I have only recently discovered this author when I read [The Floating Staircase a delightfully creepy ghost story. I had my library begin to search for anything else he had written and December Park was the happy result. It is told from the view point of five, 15 year old boys in 1993-94 as their small town is terrorize by a figure the newspapers are calling "The Piper". The book is a bit long...but never boring. It contains some of the best parts of Stephen King's The Body and Robert McCammon's Boy's Life. The plot was immediately engrossing, the characters and their dialogue effortlessly realistic, and at times quite funny. It was one of the few books that I can truly say I was sorry to see end. ( )
  Carol420 | May 31, 2016 |
This review was written for LibraryThing Early Reviewers.
This is a hard book for me to review; I was under the impression it was a horror. It most certainly is not. As I read I came to think it was a thriller, but it hardly is that either. It defies my definition of any genre and yet I liked the book, very much. More than anything it is a coming of age story, five boys on the cusp of manhood in the early 1990s, set against the backdrop of their town being gripped by fear from a rash of disappearing young teens. The boys become obsessed with finding out who is responsible. The papers have nicknamed the perpetrator "The Piper" and while no bodies are found it's assumed there is a serial killer on the loose. So, the boys spend the summer finding a couple of clues, hanging out in the park which has been deemed a "no go" area by the authorities and travelling all over town on their bikes exploring old abandoned places they haven't visited since they were kids, or ever. The story is more about the boys, this last summer together (though they don't know it), getting to know them, their camaraderie. They are the only friends each other has, mostly, they are not toughs but they smoke and don't do well at school, not really belonging to any clique other than each other. I really enjoyed the story in a "Stand By Me" kind of way, the creepy background gives it some suspense and there are a few intense moments but nothing really ever happens until the final pages for a book with over 600 pages. The ending is a rush, a twist, a surprise, and wrapped up somewhat too neatly with some questions never answered. So not a wholly satisfying ending, and yet in the grand scheme, I felt the boys' relationship was the main theme and that did end satisfyingly and bittersweet. If I'd known from the outset I was reading a coming of age story, and hadn't been expecting horror or thriller, I'd have rated the book higher. ( )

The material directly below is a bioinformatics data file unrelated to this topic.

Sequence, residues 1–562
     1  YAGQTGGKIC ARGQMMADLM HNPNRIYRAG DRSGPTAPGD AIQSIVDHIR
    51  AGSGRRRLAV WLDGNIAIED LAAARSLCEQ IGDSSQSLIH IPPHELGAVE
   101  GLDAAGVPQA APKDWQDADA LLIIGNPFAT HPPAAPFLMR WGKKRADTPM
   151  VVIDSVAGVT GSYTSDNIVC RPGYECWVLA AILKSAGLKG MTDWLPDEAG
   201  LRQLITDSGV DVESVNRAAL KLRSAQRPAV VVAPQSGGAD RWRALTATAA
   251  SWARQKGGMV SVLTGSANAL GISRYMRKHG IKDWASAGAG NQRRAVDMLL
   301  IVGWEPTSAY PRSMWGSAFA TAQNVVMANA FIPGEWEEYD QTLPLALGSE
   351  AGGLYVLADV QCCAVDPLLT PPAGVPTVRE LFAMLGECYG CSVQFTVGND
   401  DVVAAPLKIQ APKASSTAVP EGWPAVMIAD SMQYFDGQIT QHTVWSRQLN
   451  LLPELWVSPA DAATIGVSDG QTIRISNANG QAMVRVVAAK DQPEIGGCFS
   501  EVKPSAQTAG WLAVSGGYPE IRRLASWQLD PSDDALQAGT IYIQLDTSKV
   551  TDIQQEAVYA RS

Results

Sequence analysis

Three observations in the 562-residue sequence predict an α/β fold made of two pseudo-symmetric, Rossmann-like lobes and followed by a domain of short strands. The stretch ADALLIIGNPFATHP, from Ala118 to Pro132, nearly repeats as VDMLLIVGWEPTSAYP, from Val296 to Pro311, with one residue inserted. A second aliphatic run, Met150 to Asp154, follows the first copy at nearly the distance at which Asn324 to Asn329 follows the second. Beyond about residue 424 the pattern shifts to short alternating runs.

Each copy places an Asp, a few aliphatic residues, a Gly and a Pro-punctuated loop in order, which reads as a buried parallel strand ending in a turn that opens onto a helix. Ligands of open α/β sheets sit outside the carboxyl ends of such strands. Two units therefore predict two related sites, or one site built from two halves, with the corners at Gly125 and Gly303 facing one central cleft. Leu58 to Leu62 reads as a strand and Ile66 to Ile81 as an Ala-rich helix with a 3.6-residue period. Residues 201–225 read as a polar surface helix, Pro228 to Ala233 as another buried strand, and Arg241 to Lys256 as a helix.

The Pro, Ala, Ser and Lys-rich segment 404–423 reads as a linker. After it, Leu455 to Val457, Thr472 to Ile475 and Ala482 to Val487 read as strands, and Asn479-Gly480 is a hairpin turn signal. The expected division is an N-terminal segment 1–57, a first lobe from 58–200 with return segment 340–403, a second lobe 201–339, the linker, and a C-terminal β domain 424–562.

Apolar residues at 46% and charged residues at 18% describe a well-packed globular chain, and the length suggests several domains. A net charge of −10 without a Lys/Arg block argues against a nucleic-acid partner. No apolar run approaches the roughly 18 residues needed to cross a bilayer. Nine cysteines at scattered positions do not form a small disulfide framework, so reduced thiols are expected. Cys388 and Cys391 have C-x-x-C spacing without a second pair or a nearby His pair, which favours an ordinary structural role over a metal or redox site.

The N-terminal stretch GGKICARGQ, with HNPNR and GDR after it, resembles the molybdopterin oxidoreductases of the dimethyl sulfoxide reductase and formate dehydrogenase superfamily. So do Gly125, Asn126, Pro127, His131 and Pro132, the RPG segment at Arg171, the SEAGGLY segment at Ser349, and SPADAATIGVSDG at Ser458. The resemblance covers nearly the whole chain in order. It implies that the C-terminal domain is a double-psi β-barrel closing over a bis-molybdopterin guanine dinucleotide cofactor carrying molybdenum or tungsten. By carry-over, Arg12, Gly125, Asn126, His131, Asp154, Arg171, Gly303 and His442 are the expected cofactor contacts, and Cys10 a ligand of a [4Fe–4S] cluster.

ElizaJane | May 24, 2016 |
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"In the quiet suburb of Harting Farms, the weedkly crime blotter usually consists of graffiti or the occasional bout of mailbox baseball. But in the fall of 1993, children begin vanishing and one is found dead. Newspapers call him the Piper because he has come to take the children away. But there are darker names for him, too... Vowing to stop the Piper's reign of terror, five boys take up the search. Their teenage pledge turns into a journey of self-discovery...and a journey into the darkness of their own hometown. On the twilit streets of Harting Farms, everyone is a suspect. And any one of the boys might be the Piper's next victim."--… (more)

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Medallion Press

4 editions of this book were published by Medallion Press.

Editions: 1605425915, 1605425907, 1605425893, 1605425885